Seven kings’ daughters have you slain here, but the eighth of them has slain you!

Some enchanted isle

In Sword of Light my heroine Rhianna Pendragon has grown up on the enchanted isle of Avalon and is more than capable of turning the tables on any knight, fairy or mortal. But since she is a bit younger than the princess in the ballad, her elf-knight – Lord Avallach’s son, Prince Elphin –is her childhood friend and plays his enchanted harp to help Rhianna defeat her evil cousin Mordred, who has just killed King Arthur in battle at Camlann.

Inspired by the music, I even went so far as to write my own humble ballad for the book, with the verses running through the chapter headings. This is the verse from chapter 1, introducing Rhianna:

A maiden lives in Avalon’s hall,

Her spirit the purest of them all.

Brave of heart and hair aflame,

Mortal damsel with secret name…

Since there are 14 chapters and verses in total, this turned into an editor’s nightmare as Emma Goldhawk at Templar rightly pointed out that younger readers of these books might not enjoy my lazy half-rhymes in the first draft, and made me rewrite them all so they rhymed properly… well, almost. (Sorry Emma – only three more books to go!)

Of course, with Prince Mordred’s greedy eyes on the throne of Camelot, the book also has plenty of battle scenes. For these, I turned to Maddy Prior’s album Lionhearts, which is set rather later than King Arthur in the time of Richard Lionheart and the Crusades, but has an atmospheric track War Games with a background of hoofbeats and the first line, which evoked for me a wonderful image of King Arthur’s knights riding out from Camelot into battle.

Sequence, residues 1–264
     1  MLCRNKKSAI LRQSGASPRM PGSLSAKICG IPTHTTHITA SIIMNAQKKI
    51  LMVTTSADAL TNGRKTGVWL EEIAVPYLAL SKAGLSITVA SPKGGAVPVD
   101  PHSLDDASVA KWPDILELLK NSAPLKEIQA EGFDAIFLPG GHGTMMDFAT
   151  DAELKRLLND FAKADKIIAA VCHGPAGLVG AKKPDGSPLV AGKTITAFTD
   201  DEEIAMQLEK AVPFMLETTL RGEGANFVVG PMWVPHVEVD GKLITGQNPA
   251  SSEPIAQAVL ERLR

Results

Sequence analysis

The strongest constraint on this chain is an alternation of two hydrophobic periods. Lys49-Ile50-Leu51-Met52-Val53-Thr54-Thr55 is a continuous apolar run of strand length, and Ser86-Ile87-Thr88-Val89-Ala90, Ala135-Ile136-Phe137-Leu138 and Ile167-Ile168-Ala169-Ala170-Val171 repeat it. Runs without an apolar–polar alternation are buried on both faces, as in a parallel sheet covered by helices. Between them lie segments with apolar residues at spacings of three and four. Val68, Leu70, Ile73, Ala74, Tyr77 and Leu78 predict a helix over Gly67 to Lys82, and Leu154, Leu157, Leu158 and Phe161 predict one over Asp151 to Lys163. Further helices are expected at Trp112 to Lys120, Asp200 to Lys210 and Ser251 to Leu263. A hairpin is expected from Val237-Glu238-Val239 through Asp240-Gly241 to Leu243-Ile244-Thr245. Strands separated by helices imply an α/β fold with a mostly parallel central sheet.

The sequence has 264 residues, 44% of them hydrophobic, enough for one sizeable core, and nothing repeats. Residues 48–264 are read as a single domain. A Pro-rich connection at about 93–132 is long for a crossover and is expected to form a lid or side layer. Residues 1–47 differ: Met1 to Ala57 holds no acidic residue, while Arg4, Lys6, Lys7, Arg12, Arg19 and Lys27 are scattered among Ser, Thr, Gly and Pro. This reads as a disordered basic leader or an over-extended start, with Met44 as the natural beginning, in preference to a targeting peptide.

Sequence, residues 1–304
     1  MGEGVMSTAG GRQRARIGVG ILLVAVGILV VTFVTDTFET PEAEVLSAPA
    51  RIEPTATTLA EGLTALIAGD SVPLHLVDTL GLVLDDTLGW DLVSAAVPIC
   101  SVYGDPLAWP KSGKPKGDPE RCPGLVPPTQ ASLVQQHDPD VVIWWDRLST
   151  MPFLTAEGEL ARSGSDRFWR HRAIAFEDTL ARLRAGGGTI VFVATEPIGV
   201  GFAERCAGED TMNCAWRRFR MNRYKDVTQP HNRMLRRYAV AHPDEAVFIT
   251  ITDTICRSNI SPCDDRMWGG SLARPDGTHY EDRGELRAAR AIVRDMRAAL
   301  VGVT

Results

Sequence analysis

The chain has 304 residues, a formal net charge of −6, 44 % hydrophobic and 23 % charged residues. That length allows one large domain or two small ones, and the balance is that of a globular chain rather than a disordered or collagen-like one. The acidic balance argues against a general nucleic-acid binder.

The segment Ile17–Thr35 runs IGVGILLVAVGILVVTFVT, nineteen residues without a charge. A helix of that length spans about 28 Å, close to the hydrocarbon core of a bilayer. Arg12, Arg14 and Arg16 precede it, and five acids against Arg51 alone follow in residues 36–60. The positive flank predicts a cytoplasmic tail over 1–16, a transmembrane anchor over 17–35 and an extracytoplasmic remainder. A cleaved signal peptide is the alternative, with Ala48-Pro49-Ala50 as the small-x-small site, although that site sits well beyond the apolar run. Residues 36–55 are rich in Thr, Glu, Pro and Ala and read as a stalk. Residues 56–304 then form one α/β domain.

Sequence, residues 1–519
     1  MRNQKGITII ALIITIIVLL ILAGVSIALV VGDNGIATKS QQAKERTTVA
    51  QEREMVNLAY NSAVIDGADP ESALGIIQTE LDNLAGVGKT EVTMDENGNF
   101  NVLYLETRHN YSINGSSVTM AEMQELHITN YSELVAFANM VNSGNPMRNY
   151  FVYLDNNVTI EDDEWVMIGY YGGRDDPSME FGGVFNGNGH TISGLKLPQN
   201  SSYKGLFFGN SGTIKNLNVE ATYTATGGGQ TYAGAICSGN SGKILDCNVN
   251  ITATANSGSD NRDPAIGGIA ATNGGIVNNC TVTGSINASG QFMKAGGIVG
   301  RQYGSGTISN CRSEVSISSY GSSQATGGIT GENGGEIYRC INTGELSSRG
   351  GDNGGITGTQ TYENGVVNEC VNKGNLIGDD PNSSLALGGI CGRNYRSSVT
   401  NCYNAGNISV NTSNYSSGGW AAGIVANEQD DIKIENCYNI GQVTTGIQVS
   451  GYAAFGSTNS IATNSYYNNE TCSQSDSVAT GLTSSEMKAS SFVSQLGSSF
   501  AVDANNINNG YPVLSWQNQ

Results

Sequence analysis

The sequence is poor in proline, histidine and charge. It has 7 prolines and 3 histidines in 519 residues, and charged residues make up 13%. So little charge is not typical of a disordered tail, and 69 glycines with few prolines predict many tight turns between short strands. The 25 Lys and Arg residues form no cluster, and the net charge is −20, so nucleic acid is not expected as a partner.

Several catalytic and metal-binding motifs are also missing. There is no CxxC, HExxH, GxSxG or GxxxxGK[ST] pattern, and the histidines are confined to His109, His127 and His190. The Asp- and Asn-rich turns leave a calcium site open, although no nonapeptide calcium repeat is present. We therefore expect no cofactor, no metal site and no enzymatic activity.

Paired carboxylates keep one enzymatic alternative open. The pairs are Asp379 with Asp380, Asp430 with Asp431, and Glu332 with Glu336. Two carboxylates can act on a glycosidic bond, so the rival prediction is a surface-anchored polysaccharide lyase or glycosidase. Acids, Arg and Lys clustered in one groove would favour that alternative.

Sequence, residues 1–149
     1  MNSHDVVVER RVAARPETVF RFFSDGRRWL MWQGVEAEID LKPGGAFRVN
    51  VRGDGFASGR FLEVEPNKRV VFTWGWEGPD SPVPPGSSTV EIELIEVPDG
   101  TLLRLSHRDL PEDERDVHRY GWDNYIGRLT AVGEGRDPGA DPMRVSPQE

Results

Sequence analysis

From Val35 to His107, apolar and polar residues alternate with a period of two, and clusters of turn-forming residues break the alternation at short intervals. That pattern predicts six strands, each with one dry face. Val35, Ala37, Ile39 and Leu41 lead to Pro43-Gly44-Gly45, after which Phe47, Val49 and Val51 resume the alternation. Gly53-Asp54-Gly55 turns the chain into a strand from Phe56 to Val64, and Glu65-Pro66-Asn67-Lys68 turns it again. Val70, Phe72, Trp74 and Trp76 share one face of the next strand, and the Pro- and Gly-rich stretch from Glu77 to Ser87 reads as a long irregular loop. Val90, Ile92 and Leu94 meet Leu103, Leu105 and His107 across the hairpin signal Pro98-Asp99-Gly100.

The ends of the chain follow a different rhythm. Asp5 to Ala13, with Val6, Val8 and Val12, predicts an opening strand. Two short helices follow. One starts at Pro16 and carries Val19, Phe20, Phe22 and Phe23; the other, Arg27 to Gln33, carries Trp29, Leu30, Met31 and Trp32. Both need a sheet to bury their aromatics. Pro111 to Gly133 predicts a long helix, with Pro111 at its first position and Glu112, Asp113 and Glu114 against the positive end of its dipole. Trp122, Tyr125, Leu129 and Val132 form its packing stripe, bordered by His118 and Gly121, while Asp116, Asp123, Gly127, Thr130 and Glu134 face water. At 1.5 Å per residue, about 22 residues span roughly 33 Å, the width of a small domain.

So we come to a perfect example of writing feeding back into the music. I discovered Maddy had also produced an album called Arthur the King about a Dark Ages King Arthur, which perfectly fits with the setting for my books. I immediately ordered it, and am looking forward to listening to this new undercover soundtrack as I write the remaining three books in my Pendragon series: Lance of Truth, Crown of Dreams and Grail of Stars.